Extracurricular Activities

Extracurriculars are important to a college because they want to know that a student did more than simply "study" while in school.


For the most part, colleges want their students to be relatively well rounded. When they're accepting students, they're looking for students who can fill various roles on their campus on top of being academically gifted.


While it is important for the student to be academically gifted, that's not the only thing that matters. The college needs captains of the soccer team, science bowl participants, volleyball players and ballet dancers. All of these roles need to be filled and the college and university will seek to fill these roles with the best students they can.


So while one student may be an academic superstar, if that's all that they do, they are truly boxing themselves into a tight corner; because if another student comes up who isn't as academically gifted, but on top of being okay academically is a soccer player a basketball player and plays chess. The school will overwhelmingly pick the second student and he "fits" into their community much better than the first student. The second student is much more versatile, so they are much more valuable than the first.


Other

This we're going to pack in a special post a few weeks from now. But, essentially, this is what separates a good college application from a great college application.


If you don't want to miss it, make sure you're subscribed to the newsletter and stay tuned for all our updates.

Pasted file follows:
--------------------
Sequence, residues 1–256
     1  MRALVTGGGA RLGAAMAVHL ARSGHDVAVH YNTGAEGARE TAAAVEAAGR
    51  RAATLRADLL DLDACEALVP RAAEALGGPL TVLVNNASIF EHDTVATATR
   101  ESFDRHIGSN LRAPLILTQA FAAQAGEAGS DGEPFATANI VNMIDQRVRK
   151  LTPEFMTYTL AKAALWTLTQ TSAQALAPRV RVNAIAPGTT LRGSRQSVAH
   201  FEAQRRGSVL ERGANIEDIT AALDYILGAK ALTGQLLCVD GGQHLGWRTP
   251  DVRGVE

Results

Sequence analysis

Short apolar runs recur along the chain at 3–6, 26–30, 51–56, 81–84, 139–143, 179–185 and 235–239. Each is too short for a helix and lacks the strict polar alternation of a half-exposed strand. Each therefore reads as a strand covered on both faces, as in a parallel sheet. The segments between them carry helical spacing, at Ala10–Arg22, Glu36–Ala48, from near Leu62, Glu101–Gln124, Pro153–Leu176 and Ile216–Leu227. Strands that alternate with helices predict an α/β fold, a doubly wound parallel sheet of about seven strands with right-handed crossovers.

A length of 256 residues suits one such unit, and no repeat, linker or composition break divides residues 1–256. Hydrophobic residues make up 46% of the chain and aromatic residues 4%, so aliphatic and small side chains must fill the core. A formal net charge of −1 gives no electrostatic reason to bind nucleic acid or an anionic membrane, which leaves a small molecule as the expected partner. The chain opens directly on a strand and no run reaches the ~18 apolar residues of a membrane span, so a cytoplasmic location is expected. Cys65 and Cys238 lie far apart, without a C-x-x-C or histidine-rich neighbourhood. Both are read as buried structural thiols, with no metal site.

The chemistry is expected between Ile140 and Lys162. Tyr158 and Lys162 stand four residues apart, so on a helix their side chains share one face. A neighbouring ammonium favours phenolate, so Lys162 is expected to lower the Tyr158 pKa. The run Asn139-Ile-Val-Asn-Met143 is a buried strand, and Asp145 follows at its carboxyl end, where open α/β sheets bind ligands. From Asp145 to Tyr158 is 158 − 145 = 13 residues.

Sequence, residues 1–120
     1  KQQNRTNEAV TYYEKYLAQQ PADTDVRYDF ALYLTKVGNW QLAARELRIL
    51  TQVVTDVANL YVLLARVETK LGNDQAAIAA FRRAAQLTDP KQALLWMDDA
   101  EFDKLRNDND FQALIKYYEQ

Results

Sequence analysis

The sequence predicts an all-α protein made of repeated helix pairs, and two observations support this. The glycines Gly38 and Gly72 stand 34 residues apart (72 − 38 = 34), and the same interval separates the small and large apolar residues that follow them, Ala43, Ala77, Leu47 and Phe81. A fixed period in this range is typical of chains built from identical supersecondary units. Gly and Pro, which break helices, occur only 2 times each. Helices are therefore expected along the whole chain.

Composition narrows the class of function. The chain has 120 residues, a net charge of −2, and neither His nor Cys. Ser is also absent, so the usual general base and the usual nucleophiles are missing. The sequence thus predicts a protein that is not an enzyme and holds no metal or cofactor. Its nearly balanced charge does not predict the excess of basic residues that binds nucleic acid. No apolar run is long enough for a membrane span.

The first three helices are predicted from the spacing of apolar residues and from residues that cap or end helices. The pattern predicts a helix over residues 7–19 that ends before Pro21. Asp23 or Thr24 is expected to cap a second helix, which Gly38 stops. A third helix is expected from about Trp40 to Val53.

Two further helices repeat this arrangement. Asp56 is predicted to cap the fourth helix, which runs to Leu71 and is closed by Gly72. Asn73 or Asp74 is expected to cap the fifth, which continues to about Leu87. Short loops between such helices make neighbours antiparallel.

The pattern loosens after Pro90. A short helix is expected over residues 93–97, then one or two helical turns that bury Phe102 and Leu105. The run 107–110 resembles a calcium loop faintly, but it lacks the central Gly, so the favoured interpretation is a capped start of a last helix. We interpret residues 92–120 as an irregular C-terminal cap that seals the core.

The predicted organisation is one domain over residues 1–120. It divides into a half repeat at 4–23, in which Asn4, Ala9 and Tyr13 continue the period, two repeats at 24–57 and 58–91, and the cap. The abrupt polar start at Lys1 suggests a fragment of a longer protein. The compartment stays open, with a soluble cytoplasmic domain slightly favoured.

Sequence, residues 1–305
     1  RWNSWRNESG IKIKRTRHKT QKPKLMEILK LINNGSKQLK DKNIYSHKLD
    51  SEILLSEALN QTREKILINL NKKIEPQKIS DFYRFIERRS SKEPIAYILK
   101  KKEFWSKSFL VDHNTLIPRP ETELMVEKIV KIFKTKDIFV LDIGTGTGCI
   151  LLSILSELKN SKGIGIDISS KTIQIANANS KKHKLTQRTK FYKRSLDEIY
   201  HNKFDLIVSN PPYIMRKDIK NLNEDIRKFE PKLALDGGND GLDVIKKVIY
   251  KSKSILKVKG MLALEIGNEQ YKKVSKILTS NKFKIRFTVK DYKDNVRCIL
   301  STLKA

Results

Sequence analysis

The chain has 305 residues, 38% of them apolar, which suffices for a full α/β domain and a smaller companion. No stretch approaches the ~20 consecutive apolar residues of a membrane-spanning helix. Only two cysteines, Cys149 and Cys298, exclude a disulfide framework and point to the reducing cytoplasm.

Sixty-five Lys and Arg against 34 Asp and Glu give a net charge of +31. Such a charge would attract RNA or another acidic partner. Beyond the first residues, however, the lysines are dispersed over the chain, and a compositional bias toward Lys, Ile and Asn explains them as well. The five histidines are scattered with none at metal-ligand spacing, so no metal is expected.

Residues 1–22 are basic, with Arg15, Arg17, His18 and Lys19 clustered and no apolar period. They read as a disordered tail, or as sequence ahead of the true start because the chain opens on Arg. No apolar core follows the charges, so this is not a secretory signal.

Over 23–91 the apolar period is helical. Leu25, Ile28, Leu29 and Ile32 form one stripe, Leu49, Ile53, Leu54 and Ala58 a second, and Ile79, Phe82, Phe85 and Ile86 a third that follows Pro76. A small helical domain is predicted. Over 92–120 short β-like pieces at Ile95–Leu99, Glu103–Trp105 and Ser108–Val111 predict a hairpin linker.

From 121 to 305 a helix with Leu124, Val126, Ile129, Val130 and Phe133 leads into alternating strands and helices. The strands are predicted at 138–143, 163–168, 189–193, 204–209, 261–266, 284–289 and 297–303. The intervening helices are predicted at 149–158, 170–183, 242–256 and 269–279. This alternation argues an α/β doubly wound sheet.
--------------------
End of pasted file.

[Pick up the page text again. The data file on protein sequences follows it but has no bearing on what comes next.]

In Conclusion

The most important parts of a student's application to college are:

  1. Their GPA, Course Load and Academic Rank (accounting for nearly 40% of their acceptance or rejection decision)

  2. Their SAT score and Standardized testing scores (accounting for nearly 25% of their acceptance or rejection decision)

  3. Their Extracurriculars (accounting for nearly 20% of their acceptance or rejection decision)

  4. Other (life experiences, personality, etc.) (accounting for nearly 15% of their acceptance or rejection decision)

In the next couple of posts we'll go over each category individually and asses why each of the categories are important and what colleges use them for.



Closing Words

As usual, you can always contact us here to suggest a topic we could cover, or, if you'd like a one on one consultation about something personal that you would like some guidance and advice with, you can contact us here.

As always, if you haven't gotten your FREE E-book, "The Elite Institution Guide," we highly suggest it. We have gotten raving reviews from parents about how it has helped them truly guide their children to success and we highly recommend that you download it for FREE as soon as possible. Secondly, if you're a parent who is interested in getting your child into the Ivy League, for a limited time only, we're giving away one of our E-books in our "Ivy League Fastlane" series for free right here. Check that out and be sure to grab your FREE e-book before it disappears forever.

We're glad you've stuck with us this far and look forward to continuing this journey with you when we release our next post in the newsletter.


We'll speak with you soon.